Thursday, 17 December 2015

Brahms and Bruckner from Nigel Short and Tenebrae

Tenebrae - Brahms & Bruckner Motets
Brahms & Bruckner motets; Tenebrae, Nigel Short; Signum Classics
Reviewed by Robert Hugill on Dec 10 2015
Star rating: 4.0

Motets by two 19th century giants in fine new versions

Whilst a history of 19th century classical music could be written passing from the symphonies of Mendelssohn, through those of Brahms to those of Bruckner, an entirely separate path could be trodden by considering these three composers as creators of sacred music. On this new disc on Signum Classics from Nigel Short and Tenebrae, the group put together a selection of Brahms’s motets along with those of Bruckner. From Bruckner we have Virga Jesse, Ecce sacerdos, Christus factus est, Locus  iste, Os justi, Ave Maria, Tota pulchra es and two of the Aequale. From Brahms we have Fest- und Gedenkspruche Op.109, Ave Maria Op.12, How Lovely are they Dwellings, Drei motetten Op.110 and Geistliches Lied Op.30.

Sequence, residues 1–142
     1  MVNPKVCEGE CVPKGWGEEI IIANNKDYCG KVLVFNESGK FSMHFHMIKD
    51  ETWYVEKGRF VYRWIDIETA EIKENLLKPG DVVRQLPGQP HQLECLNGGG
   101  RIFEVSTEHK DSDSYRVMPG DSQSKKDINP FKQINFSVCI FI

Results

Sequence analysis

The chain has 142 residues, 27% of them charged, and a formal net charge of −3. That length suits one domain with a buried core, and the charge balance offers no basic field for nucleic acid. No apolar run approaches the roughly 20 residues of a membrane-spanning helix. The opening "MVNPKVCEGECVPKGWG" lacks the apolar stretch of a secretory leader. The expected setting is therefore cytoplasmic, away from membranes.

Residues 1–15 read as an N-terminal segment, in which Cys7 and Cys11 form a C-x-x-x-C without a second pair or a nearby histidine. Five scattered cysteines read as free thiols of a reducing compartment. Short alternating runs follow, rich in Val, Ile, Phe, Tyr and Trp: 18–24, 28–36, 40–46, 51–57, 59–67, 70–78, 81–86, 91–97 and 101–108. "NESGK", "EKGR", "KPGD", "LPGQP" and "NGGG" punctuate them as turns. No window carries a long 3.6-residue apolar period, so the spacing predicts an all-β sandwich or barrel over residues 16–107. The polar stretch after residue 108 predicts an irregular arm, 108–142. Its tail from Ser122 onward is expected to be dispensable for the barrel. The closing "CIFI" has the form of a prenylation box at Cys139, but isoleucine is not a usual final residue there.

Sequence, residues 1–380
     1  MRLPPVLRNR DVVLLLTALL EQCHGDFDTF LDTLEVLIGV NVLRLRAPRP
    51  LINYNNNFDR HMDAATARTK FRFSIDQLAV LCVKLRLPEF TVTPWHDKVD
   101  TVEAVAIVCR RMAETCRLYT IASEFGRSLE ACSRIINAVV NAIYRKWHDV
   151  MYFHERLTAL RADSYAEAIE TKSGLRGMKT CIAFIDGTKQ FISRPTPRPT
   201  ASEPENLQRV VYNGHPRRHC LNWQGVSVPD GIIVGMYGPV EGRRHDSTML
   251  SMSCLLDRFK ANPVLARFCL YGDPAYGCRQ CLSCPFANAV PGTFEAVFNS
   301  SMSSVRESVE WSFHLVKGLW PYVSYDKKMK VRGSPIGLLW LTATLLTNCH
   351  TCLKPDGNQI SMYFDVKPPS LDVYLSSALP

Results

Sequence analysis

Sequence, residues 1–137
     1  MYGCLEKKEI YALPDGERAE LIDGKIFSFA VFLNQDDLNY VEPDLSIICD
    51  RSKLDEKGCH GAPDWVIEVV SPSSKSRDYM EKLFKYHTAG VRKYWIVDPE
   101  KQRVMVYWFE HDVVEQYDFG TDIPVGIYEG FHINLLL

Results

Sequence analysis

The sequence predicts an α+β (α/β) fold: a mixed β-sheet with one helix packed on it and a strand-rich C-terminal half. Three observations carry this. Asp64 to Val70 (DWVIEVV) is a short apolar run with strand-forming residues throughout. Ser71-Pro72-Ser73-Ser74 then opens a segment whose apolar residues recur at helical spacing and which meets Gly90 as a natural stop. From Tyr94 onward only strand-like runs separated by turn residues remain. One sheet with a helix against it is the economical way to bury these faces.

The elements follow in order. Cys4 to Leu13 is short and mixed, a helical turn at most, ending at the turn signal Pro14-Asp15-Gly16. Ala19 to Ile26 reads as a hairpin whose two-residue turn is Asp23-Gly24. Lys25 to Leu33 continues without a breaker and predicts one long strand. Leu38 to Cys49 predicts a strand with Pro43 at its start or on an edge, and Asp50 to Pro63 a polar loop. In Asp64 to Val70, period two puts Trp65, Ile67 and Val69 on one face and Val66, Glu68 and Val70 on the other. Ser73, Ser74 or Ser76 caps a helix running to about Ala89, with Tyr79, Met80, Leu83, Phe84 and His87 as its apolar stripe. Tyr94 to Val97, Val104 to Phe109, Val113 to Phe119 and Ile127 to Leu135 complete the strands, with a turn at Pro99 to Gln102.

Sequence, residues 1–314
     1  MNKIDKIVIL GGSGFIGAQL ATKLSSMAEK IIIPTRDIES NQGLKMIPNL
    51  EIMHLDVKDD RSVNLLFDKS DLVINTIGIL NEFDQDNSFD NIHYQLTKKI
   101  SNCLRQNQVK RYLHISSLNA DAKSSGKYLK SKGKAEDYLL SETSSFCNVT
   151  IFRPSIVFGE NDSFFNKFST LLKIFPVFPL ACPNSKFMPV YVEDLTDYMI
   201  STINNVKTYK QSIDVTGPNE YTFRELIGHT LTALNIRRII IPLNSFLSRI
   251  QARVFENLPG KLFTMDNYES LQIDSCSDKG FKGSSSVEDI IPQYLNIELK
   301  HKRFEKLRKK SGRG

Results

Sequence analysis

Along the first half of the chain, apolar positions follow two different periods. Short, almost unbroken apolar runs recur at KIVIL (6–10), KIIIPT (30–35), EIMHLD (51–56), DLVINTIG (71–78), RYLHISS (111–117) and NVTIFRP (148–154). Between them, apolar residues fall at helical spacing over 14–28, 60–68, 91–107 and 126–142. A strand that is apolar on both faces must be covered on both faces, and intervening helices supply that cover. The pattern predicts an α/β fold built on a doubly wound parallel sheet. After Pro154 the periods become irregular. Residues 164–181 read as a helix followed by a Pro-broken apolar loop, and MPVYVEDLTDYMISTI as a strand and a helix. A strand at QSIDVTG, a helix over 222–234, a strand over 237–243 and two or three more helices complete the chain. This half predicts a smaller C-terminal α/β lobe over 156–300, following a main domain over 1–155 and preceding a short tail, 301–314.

Both composers' choral music is conditioned by their participation in some of the various 19th century movements which invigorated choral singing. Bruckner was influenced by the Cecilian movement which sought to improve the quality of Roman Catholic Church music. The composer Franz Xaver Witt, who produced a journal devoted to the cause of improving church music, talked about the problem of the ‘trashy church music’ favoured by Catholic parochial choirs, a comment which rather resonates today! Bruckner’s mature motets all very much follow Cecilian ideals influenced by the music of Palestrina. Brahms, by contrast, was influenced by the burgeoning amateur choral movement and he conducted amateur choirs in Hamburg. His Ave Maria was written for his Hamburg Women’s Chorus. Like Bruckner, Brahms was influenced by early music though in this case it was an array of composers like Bach, Palestrina, Isaac, Eccard and Schutz, with Brahms making a collection of early music. Whereas Bruckner’s motets, with their blocks of harmony, can sometimes seem like his symphonies in miniature, Brahms in his motets introduces a polyphonic complexity which gives the music a very distinct character.